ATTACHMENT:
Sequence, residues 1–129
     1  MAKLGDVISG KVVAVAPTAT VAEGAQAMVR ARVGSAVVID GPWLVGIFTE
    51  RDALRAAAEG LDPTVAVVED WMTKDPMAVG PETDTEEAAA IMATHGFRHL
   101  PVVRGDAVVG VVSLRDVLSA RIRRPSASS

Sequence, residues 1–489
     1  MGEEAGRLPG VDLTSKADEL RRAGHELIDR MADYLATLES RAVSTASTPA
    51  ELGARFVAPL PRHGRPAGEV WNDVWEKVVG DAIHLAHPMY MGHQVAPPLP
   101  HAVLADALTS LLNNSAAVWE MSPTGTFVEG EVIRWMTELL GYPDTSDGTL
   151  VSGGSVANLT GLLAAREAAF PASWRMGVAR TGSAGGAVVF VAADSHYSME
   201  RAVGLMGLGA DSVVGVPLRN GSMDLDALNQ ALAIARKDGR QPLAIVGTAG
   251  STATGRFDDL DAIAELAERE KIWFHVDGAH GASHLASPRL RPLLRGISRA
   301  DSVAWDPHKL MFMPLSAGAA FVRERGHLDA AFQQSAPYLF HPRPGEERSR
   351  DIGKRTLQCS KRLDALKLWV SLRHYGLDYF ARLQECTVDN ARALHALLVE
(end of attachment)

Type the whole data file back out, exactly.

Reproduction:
Sequence, residues 1–129
     1  MAKLGDVISG KVVAVAPTAT VAEGAQAMVR ARVGSAVVID GPWLVGIFTE
    51  RDALRAAAEG LDPTVAVVED WMTKDPMAVG PETDTEEAAA IMATHGFRHL
   101  PVVRGDAVVG VVSLRDVLSA RIRRPSASS

Sequence, residues 1–489
     1  MGEEAGRLPG VDLTSKADEL RRAGHELIDR MADYLATLES RAVSTASTPA
    51  ELGARFVAPL PRHGRPAGEV WNDVWEKVVG DAIHLAHPMY MGHQVAPPLP
   101  HAVLADALTS LLNNSAAVWE MSPTGTFVEG EVIRWMTELL GYPDTSDGTL
   151  VSGGSVANLT GLLAAREAAF PASWRMGVAR TGSAGGAVVF VAADSHYSME
   201  RAVGLMGLGA DSVVGVPLRN GSMDLDALNQ ALAIARKDGR QPLAIVGTAG
   251  STATGRFDDL DAIAELAERE KIWFHVDGAH GASHLASPRL RPLLRGISRA
   301  DSVAWDPHKL MFMPLSAGAA FVRERGHLDA AFQQSAPYLF HPRPGEERSR
   351  DIGKRTLQCS KRLDALKLWV SLRHYGLDYF ARLQECTVDN ARALHALLVE